For matters outside the Ombudsman’s jurisdiction, complainants may be advised to take their complaint to an industry ombudsman (if this is a more appropriate body to deal with the matter) or to a consumer affairs agency. In some cases, especially where a time limit applies, they may be advised to take the matter to a review tribunal.
Investigations are conducted confidentially, in private, and as informally as possible. The complainant’s name is only given to the agency for the purposes of investigating the complaint.
The Commonwealth Ombudsman accepts anonymous complaints, but these can be difficult to investigate and the Ombudsman is less able to communicate the outcome of an investigation to the complainant.
The Commonwealth Ombudsman has extensive powers to access documents and information, and can require people to answer questions (including appearing to give evidence under oath). The Ombudsman’s strong preference is to exercise these coercive powers only when a person or agency is unwilling or unable to cooperate and provide information voluntarily. Before coercive powers are used, the relevant government minister must be informed of the investigation. However, in most cases, the Ombudsman requests information and an agency provides it voluntarily; in doing so in good faith, the agency’s disclosures do not breach laws or privacy and do not compromise legal professional privilege.
During an investigation, the relevant agency may be asked to comment on the complaint and to give reasons for its actions or decisions, or to provide material from its files that can explain its actions. The Ombudsman must inform the agency of the commencement of an investigation and its conclusion, although in many cases this is achieved by regular reporting rather than on a case-by-case basis. The Ombudsman must inform the relevant government minister of the investigation before formally inviting a person or agency to make submissions in relation to an action. The Ombudsman may not make a disclosure that contains express or implied critical opinion unless the relevant person or agency has been provided with an opportunity to appear and make submissions.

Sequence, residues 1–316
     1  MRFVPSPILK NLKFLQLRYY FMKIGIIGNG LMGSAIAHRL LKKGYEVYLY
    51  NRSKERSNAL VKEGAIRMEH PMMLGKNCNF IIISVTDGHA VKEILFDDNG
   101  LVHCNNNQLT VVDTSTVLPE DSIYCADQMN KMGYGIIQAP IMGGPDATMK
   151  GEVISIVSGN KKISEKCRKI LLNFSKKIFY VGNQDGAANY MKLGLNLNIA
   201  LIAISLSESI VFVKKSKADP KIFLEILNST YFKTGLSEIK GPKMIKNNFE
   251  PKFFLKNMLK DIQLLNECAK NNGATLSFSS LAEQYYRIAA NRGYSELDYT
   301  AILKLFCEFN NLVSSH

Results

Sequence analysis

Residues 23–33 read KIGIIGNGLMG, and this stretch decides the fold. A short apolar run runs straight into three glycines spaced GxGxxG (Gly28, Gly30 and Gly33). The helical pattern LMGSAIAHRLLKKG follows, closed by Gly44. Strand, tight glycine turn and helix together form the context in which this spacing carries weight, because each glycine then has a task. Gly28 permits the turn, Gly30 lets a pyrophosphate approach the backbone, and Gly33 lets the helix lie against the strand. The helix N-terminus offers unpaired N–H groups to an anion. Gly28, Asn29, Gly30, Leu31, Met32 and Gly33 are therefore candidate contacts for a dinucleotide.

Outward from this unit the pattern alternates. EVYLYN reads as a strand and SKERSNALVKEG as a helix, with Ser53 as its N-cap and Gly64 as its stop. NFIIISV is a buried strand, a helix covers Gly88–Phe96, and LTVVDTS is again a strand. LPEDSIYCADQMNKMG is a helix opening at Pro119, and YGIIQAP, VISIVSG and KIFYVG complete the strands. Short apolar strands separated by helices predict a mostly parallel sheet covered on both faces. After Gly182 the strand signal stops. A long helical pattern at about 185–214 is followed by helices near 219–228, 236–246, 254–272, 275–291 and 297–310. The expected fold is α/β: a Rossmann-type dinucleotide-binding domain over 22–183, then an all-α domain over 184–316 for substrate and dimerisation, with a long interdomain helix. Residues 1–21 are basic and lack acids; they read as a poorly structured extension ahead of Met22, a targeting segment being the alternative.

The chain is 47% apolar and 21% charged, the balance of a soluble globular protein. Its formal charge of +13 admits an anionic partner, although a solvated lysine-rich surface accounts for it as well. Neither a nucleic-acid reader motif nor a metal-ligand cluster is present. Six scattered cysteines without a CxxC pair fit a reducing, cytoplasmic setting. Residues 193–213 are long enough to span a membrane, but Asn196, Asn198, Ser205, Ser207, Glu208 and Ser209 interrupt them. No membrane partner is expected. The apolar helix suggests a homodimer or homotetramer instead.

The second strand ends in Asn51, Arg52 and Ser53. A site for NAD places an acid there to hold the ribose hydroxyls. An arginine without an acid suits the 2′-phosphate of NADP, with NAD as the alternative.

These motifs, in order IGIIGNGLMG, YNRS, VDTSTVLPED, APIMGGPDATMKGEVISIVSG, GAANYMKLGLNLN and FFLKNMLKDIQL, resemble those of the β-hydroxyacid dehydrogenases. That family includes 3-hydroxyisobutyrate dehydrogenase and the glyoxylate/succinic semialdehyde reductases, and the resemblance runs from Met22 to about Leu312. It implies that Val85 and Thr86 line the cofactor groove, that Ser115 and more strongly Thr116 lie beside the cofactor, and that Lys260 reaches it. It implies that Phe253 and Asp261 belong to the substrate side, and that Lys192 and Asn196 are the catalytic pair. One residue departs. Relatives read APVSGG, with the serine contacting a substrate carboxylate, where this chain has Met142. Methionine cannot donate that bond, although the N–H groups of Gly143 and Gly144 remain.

Usually, the Ombudsman does not publicly disclose information obtained during an investigation. However, the Ombudsman has the power to make public statements that are in the public interest under section 35A of the OA (Cth).
The Commonwealth Ombudsman can provide an agency with evidence of an official’s misconduct. The Ombudsman and their officers are not compellable by courts or tribunals to provide information, documents or evidence about an investigation.
The OA (Cth) imposes strict confidentiality obligations upon Commonwealth Ombudsman employees. An employee must not disclose any information that they obtain as a result of an investigation at the Ombudsman’s office. Serious penalties apply if confidentiality is breached.
The Commonwealth Ombudsman may conclude an investigation by deciding no further action is needed. This occurs when, for example, an agency acknowledges its mistake and provides a remedy, or when the Ombudsman is satisfied that an agency’s action was reasonable.
In other cases, the Commonwealth Ombudsman may advise an agency that an action should not have been taken, or suggest another action or practice that would promote better administration. This ensures that an agency is made aware of a problem without the Ombudsman submitting a formal report.
• apparently contrary to law;